Vetenskapsrådet (The Swedish Research Council). "More Orthodontic Treatment Needed Among Children Born Prematurely." ScienceDaily. ScienceDaily, 1 May 2009. <www.sciencedaily.com/releases/2009/04/090428093230.htm>.
Vetenskapsrådet (The Swedish Research Council). (2009, May 1). More Orthodontic Treatment Needed Among Children Born Prematurely. ScienceDaily. Retrieved October 30, 2014 from www.sciencedaily.com/releases/2009/04/090428093230.htm
Vetenskapsrådet (The Swedish Research Council). "More Orthodontic Treatment Needed Among Children Born Prematurely." ScienceDaily. www.sciencedaily.com/releases/2009/04/090428093230.htm (accessed October 30, 2014).

Share This



More Health & Medicine News

Thursday, October 30, 2014

Featured Research

from universities, journals, and other organizations


Featured Videos

from AP, Reuters, AFP, and other news services

Fauci Says Ebola Risk in US "essentially Zero"

Fauci Says Ebola Risk in US "essentially Zero"

AP (Oct. 30, 2014) — NIAID Director Anthony Fauci said the risk of Ebola becoming an epidemic in the U.S. is essentially zero Thursday at the Washington Ideas Forum. He also said an Ebola vaccine will be tested in West Africa in the next few months. (Oct. 30) Video provided by AP
Powered by NewsLook.com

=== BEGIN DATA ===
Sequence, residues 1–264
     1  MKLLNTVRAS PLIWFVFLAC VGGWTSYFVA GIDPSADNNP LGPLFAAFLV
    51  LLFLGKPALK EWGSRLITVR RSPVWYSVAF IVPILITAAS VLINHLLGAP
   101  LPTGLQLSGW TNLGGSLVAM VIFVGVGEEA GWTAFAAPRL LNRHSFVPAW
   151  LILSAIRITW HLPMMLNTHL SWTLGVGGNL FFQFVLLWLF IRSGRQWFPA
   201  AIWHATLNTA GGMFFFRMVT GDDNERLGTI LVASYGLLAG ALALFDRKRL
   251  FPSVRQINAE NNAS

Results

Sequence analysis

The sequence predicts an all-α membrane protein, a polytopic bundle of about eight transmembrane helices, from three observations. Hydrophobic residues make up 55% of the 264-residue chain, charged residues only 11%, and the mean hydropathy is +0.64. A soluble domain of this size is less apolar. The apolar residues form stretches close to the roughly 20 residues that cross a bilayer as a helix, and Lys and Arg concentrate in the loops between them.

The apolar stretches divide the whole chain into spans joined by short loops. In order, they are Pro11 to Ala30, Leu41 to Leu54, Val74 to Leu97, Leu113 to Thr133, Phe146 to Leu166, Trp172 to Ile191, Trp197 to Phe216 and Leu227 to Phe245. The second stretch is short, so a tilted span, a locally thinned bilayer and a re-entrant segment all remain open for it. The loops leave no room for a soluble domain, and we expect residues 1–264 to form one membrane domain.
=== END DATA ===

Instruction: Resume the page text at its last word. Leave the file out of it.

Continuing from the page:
Nurse Defies Ebola Quarantine With Bike Ride

Nurse Defies Ebola Quarantine With Bike Ride

AP (Oct. 30, 2014) — A nurse who vowed to defy Maine's voluntary quarantine for health care workers who treated Ebola patients followed through on her promise Thursday, leaving her home for an hour-long bike ride. (Oct. 30) Video provided by AP
Powered by NewsLook.com
Microsoft Launches Fitness Band After Accidental Reveal

Microsoft Launches Fitness Band After Accidental Reveal

Newsy (Oct. 30, 2014) — Microsoft accidentally revealed its upcoming fitness band on Wednesday, so the company went ahead and announced it. Video provided by Newsy
Powered by NewsLook.com
Studying Effects of Music on Dementia Patients

Studying Effects of Music on Dementia Patients

AP (Oct. 30, 2014) — The University of Wisconsin-Milwaukee is studying the popular Music and Memory program to see if music, which helps improve the mood of Alzheimer's patients, can also reduce the use of prescription drugs for those suffering from dementia. (Oct. 30) Video provided by AP
Powered by NewsLook.com

Search ScienceDaily

Number of stories in archives: 140,361

Find with keyword(s):
 
Enter a keyword or phrase to search ScienceDaily for related topics and research stories.

Save/Print:
Share:  

Breaking News:

Strange & Offbeat Stories

 

Health & Medicine

Mind & Brain

Living & Well

In Other News

... from NewsDaily.com

Science News

Health News

    Environment News

    Technology News



    Save/Print:
    Share:  

    Free Subscriptions


    Get the latest science news with ScienceDaily's free email newsletters, updated daily and weekly. Or view hourly updated newsfeeds in your RSS reader:

    Get Social & Mobile


    Keep up to date with the latest news from ScienceDaily via social networks and mobile apps:

    Have Feedback?


    Tell us what you think of ScienceDaily -- we welcome both positive and negative comments. Have any problems using the site? Questions?
    Mobile iPhone Android Web
    Follow Facebook Twitter Google+
    Subscribe RSS Feeds Email Newsletters
    Latest Headlines Health & Medicine Mind & Brain Space & Time Matter & Energy Computers & Math Plants & Animals Earth & Climate Fossils & Ruins